The trail then winds through the trees again and at this point you have two options. To the left there is another red section. This is a really fast series of flowing berms that you can really carry speed through. There are a few small bumps to double and then this brings you back to the start of the log crossings and rock drops. This small loop really adds to the trail and doing it a few times to get a good line will obviously add to the trail distance but also give you a chance to get faster each time you ride it. When you get a good line through this section you can really carry a lot of speed due to the bermed corners. After completing the loop you can do the rock section again or cut this out and pick the trail up again at the end of this red section. This time we took the right turn passing the red loop and continuing along the main trail.
Photo above: Michelle Brady Photography
The next section is another series of flowing corners that lead into small rock gardens and a series of table tops. The track is through the trees but the trees are very open along this section giving you a good chance to spot the jumps and get a bit of speed up. After this there is an open section of bermed corners and small kicker jumps. Another really good part that has been designed so you can keep the speed through the corners. The final section is a winding single track through the forest and back to the start. There is a short section on the lane so care should be taken. With a few km in the legs the pump track felt a lot better the second time around. If you havent been on a pump track before just give it ago. With the momentum you soon get a feel for when you need to push. The idea is not to pedal rather use your momentum and weight to Pump you around the track. The clue is in the name!
As I said above it is a fairly flat trail but the designers have made great use of the little elevation they had. It is up to the rider to make the most of this type of trail. If you put the work in you really can get an enjoyable spin round this short track. I think the design has been cleverly worked so that anyone can ride these trails. It still gives the opportunity for the more experienced riders to pick up speed and enjoy the trail. It really is how you choose to ride that will determine the fun factor. There is nothing overly technical about this type of trail but for a good days craic and a fast blast it ticks all the boxes. But dont just take my word for it, when Glyn O'brian and Colin Ross (Former Downhill Champions and MTB Instructors) are praising the set up and riding with smiles on there faces you know the trails are good. The trails are short but I think through time they have the option of adding more trails and increasing the overall length. If you are used to riding the likes of the 7stanes you could compare this to the more advanced blue grades. Personally I wouldnt say the red sections merit the red grade more like an advanced blue. Great fun and I think if you ride them to the full potential then they might just scrape the red grade.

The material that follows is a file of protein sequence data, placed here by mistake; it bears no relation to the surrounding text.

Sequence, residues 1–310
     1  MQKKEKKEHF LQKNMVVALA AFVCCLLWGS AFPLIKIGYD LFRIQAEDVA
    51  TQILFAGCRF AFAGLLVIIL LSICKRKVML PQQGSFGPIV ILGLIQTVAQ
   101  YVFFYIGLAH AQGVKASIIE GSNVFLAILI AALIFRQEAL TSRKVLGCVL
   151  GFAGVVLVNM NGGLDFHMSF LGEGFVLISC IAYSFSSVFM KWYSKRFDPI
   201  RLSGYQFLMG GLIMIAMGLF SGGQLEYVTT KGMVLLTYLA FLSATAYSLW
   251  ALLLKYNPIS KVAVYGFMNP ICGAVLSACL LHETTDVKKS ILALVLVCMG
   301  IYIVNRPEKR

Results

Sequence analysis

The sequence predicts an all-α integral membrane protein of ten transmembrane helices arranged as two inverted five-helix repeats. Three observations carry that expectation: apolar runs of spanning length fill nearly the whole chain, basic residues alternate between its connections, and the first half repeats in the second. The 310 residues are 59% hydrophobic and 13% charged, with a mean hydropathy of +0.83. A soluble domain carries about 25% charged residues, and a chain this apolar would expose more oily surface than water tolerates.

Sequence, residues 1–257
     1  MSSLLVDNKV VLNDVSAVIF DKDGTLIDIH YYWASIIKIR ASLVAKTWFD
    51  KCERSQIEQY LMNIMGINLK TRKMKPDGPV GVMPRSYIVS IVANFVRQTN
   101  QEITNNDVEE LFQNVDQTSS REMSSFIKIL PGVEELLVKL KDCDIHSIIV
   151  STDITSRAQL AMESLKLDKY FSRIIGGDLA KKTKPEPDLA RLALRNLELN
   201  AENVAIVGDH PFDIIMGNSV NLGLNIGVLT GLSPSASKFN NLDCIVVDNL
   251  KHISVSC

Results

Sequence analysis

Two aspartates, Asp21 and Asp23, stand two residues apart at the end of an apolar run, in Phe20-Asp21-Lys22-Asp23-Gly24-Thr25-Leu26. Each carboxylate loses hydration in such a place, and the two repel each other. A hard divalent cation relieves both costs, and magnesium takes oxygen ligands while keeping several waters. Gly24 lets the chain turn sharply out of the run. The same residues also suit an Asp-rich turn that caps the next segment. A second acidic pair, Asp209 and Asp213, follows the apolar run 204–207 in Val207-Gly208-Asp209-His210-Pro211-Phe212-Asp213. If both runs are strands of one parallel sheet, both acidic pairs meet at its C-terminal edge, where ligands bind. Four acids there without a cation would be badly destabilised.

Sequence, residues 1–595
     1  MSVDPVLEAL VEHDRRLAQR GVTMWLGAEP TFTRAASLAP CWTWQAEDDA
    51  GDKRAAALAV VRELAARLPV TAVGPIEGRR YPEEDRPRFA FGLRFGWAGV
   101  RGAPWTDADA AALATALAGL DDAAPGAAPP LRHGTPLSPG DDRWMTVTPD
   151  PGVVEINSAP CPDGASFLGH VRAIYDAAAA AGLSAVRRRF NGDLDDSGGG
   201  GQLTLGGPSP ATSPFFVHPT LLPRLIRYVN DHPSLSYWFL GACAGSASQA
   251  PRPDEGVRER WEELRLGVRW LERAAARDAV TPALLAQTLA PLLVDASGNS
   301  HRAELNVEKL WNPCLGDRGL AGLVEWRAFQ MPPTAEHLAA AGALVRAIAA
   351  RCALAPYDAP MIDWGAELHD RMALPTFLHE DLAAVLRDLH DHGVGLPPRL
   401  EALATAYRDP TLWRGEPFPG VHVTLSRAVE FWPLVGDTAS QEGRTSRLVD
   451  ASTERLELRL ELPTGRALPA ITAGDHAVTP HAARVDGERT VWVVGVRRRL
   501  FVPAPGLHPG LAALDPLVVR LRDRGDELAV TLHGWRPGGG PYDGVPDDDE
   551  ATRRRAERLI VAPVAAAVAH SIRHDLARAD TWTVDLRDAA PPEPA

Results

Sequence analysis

The trail can be enjoyed by all the family regardless of skill or time on a Mountain bike. It can be used as a safe way to get into the sport, yet have the added family appeal so that the parents can have a go and see how their kids are progressing. We had a good day trying the trail and the pump track. Hopefully this is just the start of things to come with sustainable trail centres in the North of Ireland.